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Old 02-02-2012, 06:54 AM   #1
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Lightbulb Alf Field: Silver to $158 in the next wave

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Today Egon von Greyerz told King World News he received an email from his good friend Alf Field predicting silver would move quickly to the $158 level. ...

Here a portion of what Alf Field had to say about how silver will get to $158:

“We can now attempt to make some price forecasts. Silver, as with gold, is starting intermediate wave 3 of Major THREE, which should be the longest and strongest wave in the bull market. It should certainly be longer than intermediate wave 1 which was the gain from $8.77 to $49.52, or +464%, as shown above.

Thus the gain in wave 3 of Major THREE should be larger than +464%. It should be a gain of at least 500%. Starting from the $26.39 low, a gain of 500% would produce a target price of $158.34 for silver. That is the number which equates with the $4500 price forecast for gold and produces a silver to gold ratio of 28.4 ($4500 divided by 158.34).

The gain in gold was forecast to be 200% for this move while the forecast rise in the silver price is 500%. Silver is again predicted to perform better than gold based on these EW calculations.”
...
More: http://kingworldnews.com/kingworldne...k_to_Gold.html

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Old 02-02-2012, 07:15 AM   #2
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If silver goes to 158 dollars, I will retire early!

Actually, if silver gets that high, I would be afraid of what the rest of the world looked like at that point, and would I be assigning guards for the night shift on the roof lookout, and arming them with a .556 battle rifle.
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Old 02-02-2012, 08:13 AM   #3
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Originally Posted by ancona View Post:
Actually, if silver gets that high, I would be afraid of what the rest of the world looked like at that point, and would I be assigning guards for teh night shift on the roof lookout, and arming them with a .556 battle rifle.
This is my concern as well.. Though i was pretty worried what the world would like like with $2000 an ounce gold when it was in the 400s. In all honesty, not much has really changed from the day to day perspective. It's entirely possible that silver goes to 150 before the public even notices.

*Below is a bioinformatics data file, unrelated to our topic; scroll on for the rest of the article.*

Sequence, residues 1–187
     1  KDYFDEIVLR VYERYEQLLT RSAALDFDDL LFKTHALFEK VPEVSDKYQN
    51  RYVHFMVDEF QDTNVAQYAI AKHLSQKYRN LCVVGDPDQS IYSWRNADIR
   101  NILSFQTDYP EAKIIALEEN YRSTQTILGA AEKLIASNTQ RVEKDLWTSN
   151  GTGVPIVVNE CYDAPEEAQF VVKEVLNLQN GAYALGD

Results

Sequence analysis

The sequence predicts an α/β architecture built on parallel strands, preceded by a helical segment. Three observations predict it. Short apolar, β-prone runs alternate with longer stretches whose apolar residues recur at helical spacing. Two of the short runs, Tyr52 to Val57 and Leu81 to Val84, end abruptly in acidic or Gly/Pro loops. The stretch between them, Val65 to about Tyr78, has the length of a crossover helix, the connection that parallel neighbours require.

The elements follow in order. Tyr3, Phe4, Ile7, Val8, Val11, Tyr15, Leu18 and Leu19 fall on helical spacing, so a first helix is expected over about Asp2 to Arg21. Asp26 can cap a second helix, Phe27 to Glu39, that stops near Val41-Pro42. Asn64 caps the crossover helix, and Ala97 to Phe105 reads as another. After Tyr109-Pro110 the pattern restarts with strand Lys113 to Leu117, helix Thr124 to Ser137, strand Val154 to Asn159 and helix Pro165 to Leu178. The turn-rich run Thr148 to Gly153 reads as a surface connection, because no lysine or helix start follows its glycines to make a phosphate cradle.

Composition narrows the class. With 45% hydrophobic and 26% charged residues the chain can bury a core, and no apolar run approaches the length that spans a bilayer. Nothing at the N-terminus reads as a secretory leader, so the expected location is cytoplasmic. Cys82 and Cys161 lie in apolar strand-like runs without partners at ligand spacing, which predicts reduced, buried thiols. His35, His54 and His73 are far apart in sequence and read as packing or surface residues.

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Old 02-02-2012, 09:01 AM   #4
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I think it's mostly a matter of rate, not the target so much. That old boiling frog thing. People will tolerate quite a bit of fiat inflation if it's slow enough - look at ours since the Fed began - pretty darn big over the period, but at a (mostly) slow rate. If we had $150 silver in a few months - that's trouble. A few years, not so much and no surprise.

Gold didn't go from 400 to 2k in a day...
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Old 02-10-2012, 04:48 PM   #5
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Gold to Silver Ratio

If we maintain near the standard 50:1 or 47:1 ratio, if silver went to $150, gold would be at $7500/oz. Which doesn't seem likely anytime soon. Wonderful thought though. Silver did experience a 700%+ gain from 1975 to 1980, but that was b/c of the Hunt brothers cornering the market, which MAY never happen again.
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Old 02-10-2012, 05:10 PM   #6
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The GSR went down to 33 before the May (coordinated CME) smash last May. It's quite possible for it to drop down there again if Sprott's buying activities force a supply squeeze on the large institutional investment sized bars.
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Old 02-13-2012, 05:17 PM   #7
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Our current GSR is much higher than historical/geologic scarcity based, and taking into account that nearly half of silver mined today is consumed by industry and is currently irrecoverable (economically), it makes just another irrational fact about today's markets. As DCF said, they can stay irrational for longer than one can stay solvent (I like it ). My point is, I find this kind of analysis just SILLY, because a) our today's market are not driven by rationale, but by emotions and headlines, b) it can be calculated BOTH ways, and instead of projecting that "silver is undervalued" comparing it to today's gold pricew & historical ratios, one could equally said "gold is overvalued", and have exactly as "valid" argument in this case.

I just think, that mere technicalities are NOT what will determine any of these prices (gold/silver), in today's minefield market that might collapse at any given moment, it all will be based on the investors sentiment, AND governments actions/controls implemented (sure there will be such in the future)/ possible new currencies.